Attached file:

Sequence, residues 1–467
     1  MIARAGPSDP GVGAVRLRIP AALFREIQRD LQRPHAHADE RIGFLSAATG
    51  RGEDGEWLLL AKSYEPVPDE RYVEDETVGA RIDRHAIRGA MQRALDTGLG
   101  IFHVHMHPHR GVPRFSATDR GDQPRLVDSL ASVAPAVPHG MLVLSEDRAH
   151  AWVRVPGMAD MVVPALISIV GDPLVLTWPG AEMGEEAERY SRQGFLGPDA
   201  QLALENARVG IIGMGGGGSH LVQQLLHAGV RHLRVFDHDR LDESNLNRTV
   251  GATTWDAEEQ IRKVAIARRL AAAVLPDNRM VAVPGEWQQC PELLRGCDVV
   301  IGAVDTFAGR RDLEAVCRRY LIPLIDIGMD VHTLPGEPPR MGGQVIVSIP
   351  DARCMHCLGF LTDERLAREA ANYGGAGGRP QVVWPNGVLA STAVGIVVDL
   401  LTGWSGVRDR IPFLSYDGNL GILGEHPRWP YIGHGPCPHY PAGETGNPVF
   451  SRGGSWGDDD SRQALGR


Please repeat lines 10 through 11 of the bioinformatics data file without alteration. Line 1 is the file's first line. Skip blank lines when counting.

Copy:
   401  LTGWSGVRDR IPFLSYDGNL GILGEHPRWP YIGHGPCPHY PAGETGNPVF
   451  SRGGSWGDDD SRQALGR